It was Cardinal Antonio Quarracino, Archbishop of Buenos Aires, who wanted him as a close collaborator. So, on 20 May 1992 Pope John Paul II appointed him titular Bishop of Auca and Auxiliary of Buenos Aires. On 27 May he received episcopal ordination from the Cardinal in the cathedral. He chose as his episcopal motto, miserando atque eligendo, and on his coat of arms inserted the ihs, the symbol of the Society of Jesus.

He gave his first interview as a bishop to a parish newsletter, Estrellita de Belém. He was immediately appointed Episcopal Vicar of the Flores district and on 21 December 1993 was also entrusted with the office of Vicar General of the Archdiocese. Thus it came as no surprise when, on 3 June 1997, he was raised to the dignity of Coadjutor Archbishop of Buenos Aires. Not even nine months had passed when, upon the death of Cardinal Quarracino, he succeeded him on 28 February 1998, as Archbishop, Primate of Argentina and Ordinary for Eastern-rite faithful in Argentina who have no Ordinary of their own rite.

Three years later at the Consistory of 21 February 2001, John Paul ii created him Cardinal, assigning him the title of San Roberto Bellarmino. He asked the faithful not to come to Rome to celebrate his creation as Cardinal but rather to donate to the poor what they would have spent on the journey. As Grand Chancellor of the Catholic University of Argentina, he is the author of the books: Meditaciones para religiosos (1982), Reflexiones sobre la vida apostólica (1992) and Reflexiones de esperanza (1992).

In October 2001 he was appointed General Relator to the 10th Ordinary General Assembly of the Synod of Bishops on the Episcopal Ministry. This task was entrusted to him at the last minute to replace Cardinal Edward Michael Egan, Archbishop of New York, who was obliged to stay in his homeland because of the terrorist attacks on September 11th. At the Synod he placed particular emphasis on “the prophetic mission of the bishop”, his being a “prophet of justice”, his duty to “preach ceaselessly” the social doctrine of the Church and also “to express an authentic judgement in matters of faith and morals”.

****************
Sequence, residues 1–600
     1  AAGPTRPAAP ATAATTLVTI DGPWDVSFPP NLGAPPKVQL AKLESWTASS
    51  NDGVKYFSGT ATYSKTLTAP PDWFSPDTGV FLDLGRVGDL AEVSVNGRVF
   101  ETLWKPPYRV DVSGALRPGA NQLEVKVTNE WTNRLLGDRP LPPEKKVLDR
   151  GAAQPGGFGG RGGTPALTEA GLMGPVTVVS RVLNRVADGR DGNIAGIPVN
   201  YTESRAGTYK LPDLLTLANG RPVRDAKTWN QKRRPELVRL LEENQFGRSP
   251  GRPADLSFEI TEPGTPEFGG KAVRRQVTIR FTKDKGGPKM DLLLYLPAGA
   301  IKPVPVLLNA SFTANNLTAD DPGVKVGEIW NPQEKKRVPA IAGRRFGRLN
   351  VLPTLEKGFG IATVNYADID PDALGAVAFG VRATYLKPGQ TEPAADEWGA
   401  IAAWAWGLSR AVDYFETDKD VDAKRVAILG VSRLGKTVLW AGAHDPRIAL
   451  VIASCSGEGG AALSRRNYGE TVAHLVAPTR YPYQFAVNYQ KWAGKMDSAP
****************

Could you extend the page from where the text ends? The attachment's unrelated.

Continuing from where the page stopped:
All the while Cardinal Bergoglio was becoming ever more popular in Latin America. Despite this, he never relaxed his sober approach or his strict lifestyle, which some have defined as almost “ascetic”. In this spirit of poverty, he declined to be appointed as President of the Argentine Bishops’ Conference in 2002, but three years later he was elected and then, in 2008, reconfirmed for a further three-year mandate. Meanwhile in April 2005 he took part in the Conclave in which Pope Benedict XVI was elected.

As Archbishop of Buenos Aires — a diocese with more than three million inhabitants — he conceived of a missionary project based on communion and evangelization. He had four main goals: open and brotherly communities, an informed laity playing a lead role, evangelization efforts addressed to every inhabitant of the city, and assistance to the poor and the sick. He aimed to reevangelize Buenos Aires, “taking into account those who live there, its structure and its history”. He asked priests and lay people to work together. In September 2009 he launched the solidarity campaign for the bicentenary of the Independence of the country. Two hundred charitable agencies are to be set up by 2016. And on a continental scale, he expected much from the impact of the message of the Aparecida Conference in 2007, to the point of describing it as the “Evangelii Nuntiandi of Latin America”.

Until the beginning of the recent sede vacante, he was a member of the Congregation for Divine Worship and the Discipline of the Sacraments, the Congregation for the Clergy, the Congregation for Institutes of Consecrated Life and Societies of Apostolic Life, the Pontifical Council for the Family and the Pontifical Commission for Latin America.

He was elected Supreme Pontiff on 13 March 2013.